A Note on #Occupy Polling Numbers
For the last few weeks I’ve been meaning to find a moment to write a brief editorial on the poll numbers that the Occupy movement has been generating since its inception in September. Today’s boston.com piece on the just-released Boston Globe/Suffolk University poll on Occupy Boston impels me to say something on the subject at last. And I have a pretty simple message on such polls … that is, for a brand new grassroots political movement, Occupy is doing a tremendous job of winning the support of large swaths of the American populace. For example, the Boston Globe poll shows that 41 percent of Massachusetts residents support the Occupy movement. 38 percent disapprove, and 21 percent aren’t sure what they think yet.
One would be hard pressed to find another social force with that kind of support after 3 months. And in fact, most political movements never manage to win so many hearts and minds so quickly. Or at such levels. Including the Tea Party movement - often considered the right-wing counterpart of the Occupy movement. A quick look at a number of national polls shows that the Tea Party has generally had between the high teens and low thirties percent public support. While Occupy has consistently polled between the low thirties and low forties percent support.
The same numbers have clearly been reflected in state level polls like the Globe poll. Which begs the question, if Occupy is doing so well why does the mainstream media consistently read the poll numbers as an indication that the movement is not doing well?
Why do headlines talk about “split” support? Rather than telling the truth on the polling numbers: Occupy is a growing and wildly popular social movement that is having a profound effect on the national discourse on inequality and pushing the entire public debate to the left.
And why doesn’t most of the press mention that not only is the Occupy movement the most popular social movement in existence today, but it’s also more popular than other societal institutions? TheUMass Lowell/Boston Herald poll [link to PDF file] on the new movement - despite being spun as another example of “low support” or “split public opinion” on Occupy - showed quite clearly that Occupy is more popular that the Tea Party, yes. And wildly more popular than “Wall Street and large corporations” and “the government in Washington.”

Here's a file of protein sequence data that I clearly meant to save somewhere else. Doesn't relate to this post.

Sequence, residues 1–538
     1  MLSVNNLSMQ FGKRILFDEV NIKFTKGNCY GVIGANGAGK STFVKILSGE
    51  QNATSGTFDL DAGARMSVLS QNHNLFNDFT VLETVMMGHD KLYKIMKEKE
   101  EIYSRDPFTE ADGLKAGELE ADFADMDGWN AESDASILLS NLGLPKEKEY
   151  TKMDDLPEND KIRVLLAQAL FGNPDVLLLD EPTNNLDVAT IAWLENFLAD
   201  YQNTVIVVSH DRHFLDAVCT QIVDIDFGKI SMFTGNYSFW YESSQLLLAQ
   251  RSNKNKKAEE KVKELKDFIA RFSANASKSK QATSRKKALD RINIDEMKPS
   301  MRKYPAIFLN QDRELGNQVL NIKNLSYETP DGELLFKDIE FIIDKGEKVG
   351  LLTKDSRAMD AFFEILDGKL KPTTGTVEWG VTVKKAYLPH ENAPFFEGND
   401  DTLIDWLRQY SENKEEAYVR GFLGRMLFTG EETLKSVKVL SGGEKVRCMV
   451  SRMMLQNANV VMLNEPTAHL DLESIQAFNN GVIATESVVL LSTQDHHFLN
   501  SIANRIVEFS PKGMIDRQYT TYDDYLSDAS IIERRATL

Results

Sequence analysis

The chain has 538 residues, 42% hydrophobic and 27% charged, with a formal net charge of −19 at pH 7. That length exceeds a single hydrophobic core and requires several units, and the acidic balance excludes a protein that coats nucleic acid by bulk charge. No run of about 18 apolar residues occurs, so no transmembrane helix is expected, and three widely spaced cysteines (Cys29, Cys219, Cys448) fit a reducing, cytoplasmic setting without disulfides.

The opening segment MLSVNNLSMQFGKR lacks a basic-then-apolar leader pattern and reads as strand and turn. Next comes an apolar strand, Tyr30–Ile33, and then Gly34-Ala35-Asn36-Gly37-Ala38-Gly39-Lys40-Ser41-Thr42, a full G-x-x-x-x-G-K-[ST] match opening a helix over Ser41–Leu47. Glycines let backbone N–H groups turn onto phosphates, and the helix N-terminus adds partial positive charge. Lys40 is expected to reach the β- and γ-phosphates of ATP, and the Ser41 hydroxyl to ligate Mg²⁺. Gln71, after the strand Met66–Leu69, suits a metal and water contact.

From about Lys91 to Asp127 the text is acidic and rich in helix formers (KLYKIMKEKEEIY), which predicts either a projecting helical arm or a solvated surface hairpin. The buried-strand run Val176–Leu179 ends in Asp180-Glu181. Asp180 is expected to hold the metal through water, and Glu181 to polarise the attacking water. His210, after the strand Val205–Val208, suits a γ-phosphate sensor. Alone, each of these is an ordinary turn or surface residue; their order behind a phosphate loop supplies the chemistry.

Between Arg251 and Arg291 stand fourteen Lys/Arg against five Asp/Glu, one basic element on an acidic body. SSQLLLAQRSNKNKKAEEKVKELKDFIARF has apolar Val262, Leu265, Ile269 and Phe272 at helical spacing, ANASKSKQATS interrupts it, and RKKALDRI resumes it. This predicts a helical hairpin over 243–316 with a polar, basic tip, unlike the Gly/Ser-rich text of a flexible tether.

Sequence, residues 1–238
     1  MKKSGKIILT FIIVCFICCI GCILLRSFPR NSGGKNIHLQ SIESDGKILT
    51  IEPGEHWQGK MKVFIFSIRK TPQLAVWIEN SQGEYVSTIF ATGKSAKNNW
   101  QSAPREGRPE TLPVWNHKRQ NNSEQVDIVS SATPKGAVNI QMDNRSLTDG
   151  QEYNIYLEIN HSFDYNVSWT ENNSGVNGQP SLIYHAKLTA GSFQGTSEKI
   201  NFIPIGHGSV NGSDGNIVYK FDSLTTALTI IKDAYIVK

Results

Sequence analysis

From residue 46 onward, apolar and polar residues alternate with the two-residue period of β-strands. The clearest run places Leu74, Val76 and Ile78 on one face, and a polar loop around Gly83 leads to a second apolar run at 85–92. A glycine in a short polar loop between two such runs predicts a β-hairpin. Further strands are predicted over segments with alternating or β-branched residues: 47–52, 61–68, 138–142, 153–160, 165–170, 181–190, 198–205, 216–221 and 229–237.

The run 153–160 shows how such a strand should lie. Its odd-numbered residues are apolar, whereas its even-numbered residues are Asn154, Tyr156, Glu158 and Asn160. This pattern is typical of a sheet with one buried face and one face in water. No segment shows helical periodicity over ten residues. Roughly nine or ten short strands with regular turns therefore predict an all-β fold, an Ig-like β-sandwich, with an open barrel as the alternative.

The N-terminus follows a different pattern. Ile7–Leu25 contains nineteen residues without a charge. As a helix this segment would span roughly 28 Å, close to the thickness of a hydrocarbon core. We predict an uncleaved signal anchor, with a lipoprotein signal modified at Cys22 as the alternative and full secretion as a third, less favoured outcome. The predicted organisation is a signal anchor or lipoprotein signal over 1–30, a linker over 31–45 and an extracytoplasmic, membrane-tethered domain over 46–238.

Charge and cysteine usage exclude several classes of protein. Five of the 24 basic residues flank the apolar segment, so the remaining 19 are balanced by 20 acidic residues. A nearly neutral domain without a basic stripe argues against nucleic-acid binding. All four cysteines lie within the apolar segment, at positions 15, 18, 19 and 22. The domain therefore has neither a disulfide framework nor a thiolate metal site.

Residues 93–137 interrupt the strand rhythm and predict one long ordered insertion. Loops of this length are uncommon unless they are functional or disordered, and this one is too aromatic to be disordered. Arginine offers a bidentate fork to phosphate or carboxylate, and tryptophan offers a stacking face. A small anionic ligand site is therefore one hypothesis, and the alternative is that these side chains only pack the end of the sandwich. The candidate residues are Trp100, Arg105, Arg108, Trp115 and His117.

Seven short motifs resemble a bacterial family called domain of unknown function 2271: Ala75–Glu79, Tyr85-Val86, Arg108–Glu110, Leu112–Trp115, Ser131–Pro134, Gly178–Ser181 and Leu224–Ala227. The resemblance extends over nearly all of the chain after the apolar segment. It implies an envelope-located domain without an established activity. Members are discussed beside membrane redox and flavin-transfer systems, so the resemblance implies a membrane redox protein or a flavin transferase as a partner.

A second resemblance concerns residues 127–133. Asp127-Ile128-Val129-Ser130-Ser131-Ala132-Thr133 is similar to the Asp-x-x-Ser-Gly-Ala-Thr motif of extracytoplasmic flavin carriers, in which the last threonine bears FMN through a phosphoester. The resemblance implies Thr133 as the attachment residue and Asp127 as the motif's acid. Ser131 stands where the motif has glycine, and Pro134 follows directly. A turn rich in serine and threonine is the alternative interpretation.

So what do we pin the problems with these polls and their media interlocutors on? Sloppiness? Ideology? I’m betting more the latter than the former, but either way my admonition to Open Media Boston viewers is: always read the original poll reports for yourselves. Not just the executive summary of the poll, and certainly not the mainstream media coverage of the poll. Go directly to the website of the polling company or university think tank that conducted the poll, and read over the full findings of the poll. Also, look at the methodology used, the nature of the questions that were asked by the poll, the background of the pollsters, who their other clients are, and try to get a sense of how biased the poll is and in what political direction that bias runs. Then try to figure out how much you trust or don’t trust the numbers and the conclusions drawn on the numbers. If you disagree, say so. Loudly, frequently and publicly.
Polls can be valuable measures of public opinion. Or propaganda instruments. Depends on many factors, including the ones mentioned above.
But polls do not determine the success or failure of social movements. People do. Which is why it’s important that Occupy supporters become savvy poll readers. Because it’s easy to draw the wrong conclusions about the state of a social movement from a poll spun negatively by the opposition - in this case, corporations and their partisans in media and government.
I think that’s a good reason for the Occupy movement to commission its own polls - and conduct them in a very transparent way. As a signpost to the kind of democratic public discourse that the Occupy movement is fighting for. And as a useful corrective to badly done - and badly spun - polls.
Jason Pramas is Editor/Publisher of Open Media Boston